Judge grants order to protect couple from 'abusive' son
Monday 25 October 2010
The High Court has made a "highly unusual" order protecting an elderly couple from their allegedly abusive son.
Sir Nicholas Wall, President of the Family Division, ruled that he had jurisdiction to grant a local authority's application for a non-molestation injunction against DL, who is in his 50s.
The authority - which like DL, his 90-year-old disabled mother and 85-year-old father cannot be identified - accepted that the couple were capable of managing their own affairs and of deciding whether DL should continue to live under their roof.
But, it stepped in because it felt it owed a duty to them to protect them from DL's allegedly "aggressive" conduct.
The judge said that the authority had documented incidents going back to 2005 which, it said, included physical assaults, verbal threats, and DL controlling where his parents moved in the house or outside and who might visit them.
"There have also been, it says, consistent reports that DL is seeking to coerce Mr L into transferring the ownership of the house into DL's name and that he has also placed considerable pressure on both his parents to have Mrs L moved into a care home against her wishes."
The authority recognised that Mrs L, in particular, wished to preserve her relationship with her son and did not want any proceedings taken against him.
She worried that, if steps were taken to remove him, he might at worst commit suicide or, at best, she might lose contact.
The judge said the authority had rejected using the criminal law, applying to the Court of Protection, seeking an anti-social behaviour order or applying under the Housing Act, and he agreed that none of those remedies was currently appropriate.
Instead, it argued that the court had authority, under its inherent jurisdiction to protect vulnerable adults and under the Local Government Act, to make an injunction restraining DL, although it emphasised that it was not seeking to exclude him from the house.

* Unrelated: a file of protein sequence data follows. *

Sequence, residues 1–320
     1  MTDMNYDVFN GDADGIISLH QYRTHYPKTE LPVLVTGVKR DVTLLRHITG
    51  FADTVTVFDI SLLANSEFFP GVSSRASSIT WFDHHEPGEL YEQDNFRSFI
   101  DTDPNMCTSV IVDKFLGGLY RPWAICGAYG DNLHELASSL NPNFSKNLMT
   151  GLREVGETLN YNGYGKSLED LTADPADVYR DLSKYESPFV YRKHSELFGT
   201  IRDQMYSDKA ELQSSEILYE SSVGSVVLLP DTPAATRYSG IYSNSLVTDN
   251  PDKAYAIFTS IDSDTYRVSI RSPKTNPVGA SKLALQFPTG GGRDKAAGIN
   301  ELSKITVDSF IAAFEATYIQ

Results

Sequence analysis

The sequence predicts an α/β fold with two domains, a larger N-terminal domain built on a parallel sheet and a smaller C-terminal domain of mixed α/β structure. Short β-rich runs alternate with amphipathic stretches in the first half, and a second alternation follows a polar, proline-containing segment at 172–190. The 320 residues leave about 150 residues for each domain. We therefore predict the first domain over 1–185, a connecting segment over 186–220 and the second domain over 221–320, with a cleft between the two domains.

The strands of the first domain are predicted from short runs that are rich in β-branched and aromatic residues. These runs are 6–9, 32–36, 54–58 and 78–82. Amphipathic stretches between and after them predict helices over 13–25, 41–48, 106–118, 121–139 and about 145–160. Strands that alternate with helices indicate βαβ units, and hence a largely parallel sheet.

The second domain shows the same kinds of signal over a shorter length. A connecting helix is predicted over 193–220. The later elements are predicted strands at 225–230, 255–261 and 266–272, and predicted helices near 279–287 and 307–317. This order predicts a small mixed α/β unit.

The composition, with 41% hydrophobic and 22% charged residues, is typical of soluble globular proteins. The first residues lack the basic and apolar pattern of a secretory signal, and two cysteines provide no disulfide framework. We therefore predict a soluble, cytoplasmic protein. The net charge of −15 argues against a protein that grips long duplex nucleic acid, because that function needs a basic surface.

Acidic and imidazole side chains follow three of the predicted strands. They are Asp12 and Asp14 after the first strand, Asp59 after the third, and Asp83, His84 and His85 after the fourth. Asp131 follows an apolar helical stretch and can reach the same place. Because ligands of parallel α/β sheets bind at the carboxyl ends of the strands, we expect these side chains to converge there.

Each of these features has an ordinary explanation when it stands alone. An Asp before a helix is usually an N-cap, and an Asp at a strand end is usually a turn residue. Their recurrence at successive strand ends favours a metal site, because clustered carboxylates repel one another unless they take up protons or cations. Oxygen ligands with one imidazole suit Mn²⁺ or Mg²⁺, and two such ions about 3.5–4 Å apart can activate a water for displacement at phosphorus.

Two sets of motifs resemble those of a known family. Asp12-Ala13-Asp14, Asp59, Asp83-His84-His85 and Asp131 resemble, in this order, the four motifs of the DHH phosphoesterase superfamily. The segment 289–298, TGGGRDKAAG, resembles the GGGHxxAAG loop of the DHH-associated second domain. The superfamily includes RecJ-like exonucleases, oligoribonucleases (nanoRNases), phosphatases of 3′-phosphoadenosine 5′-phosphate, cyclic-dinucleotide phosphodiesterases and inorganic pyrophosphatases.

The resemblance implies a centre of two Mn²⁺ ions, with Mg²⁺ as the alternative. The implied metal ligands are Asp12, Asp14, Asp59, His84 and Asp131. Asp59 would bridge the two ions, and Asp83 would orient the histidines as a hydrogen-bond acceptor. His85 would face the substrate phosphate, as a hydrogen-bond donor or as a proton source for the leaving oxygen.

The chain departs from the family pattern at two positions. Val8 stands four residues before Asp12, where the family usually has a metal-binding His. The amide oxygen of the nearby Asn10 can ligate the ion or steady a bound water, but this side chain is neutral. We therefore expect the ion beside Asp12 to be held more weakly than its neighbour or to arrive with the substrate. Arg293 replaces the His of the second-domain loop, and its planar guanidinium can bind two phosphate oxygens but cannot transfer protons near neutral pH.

Making public today his reasons for granting the "highly unusual" application earlier this month, the judge said that he had heard only one side, and made no findings of fact.
The authority had decided to apply without giving notice to DL partly because it feared that this might provoke the violence it sought to prevent.
Nothing interfered with DL's right to apply for the order to be set aside, and any future hearing would take place in his locality.
Hacking Trial: Rebekah Brooks, Raisa and a new twist in the saga of a horse fit for a Prime Minister
Israel-Gaza conflict: Palestinian death toll now exceeds 500 – but Israel fights on
Income tax league: Revealed - the UK towns where people pay the most and least tax
Israel-Gaza conflict: Deadly flechette shells 'used by Israeli military in Gaza Strip’
Malaysia Airlines MH17 crash: Blogger captures footage ‘showing BUK missile launcher that shot down jet’ now back in Russia
Malaysia Airlines flight MH17 crash: 'Nine Britons, 23 Americans and 80 children' feared dead after Boeing passenger jet is 'shot down' near Ukraine-Russia border
Malaysia Airlines MH17 crash: Vladimir Putin is given 'one last chance' to end hostilities in Ukraine
The 'scroungers’ fight back: The welfare claimants battling to alter stereotypes
The truth about conspiracy theories is that some require considering
Malaysia Airlines MH17 crash: Ukrainian military jet was flying close to passenger plane before it was shot down, says Russian officer
Malaysia Airlines MH17 crash: victims’ bodies bundled in black bags and loaded onto trains
- 1 Apple has installed security backdoors on 600m iPhones and iPads, claims security researcher
- 2 UK pirates will get four warning letters a year
- 4 Is Gideon Levy the most hated man in Israel or just the most heroic?
- 5 Israel-Gaza conflict: Deadly flechette shells 'used by Israeli military in Gaza Strip’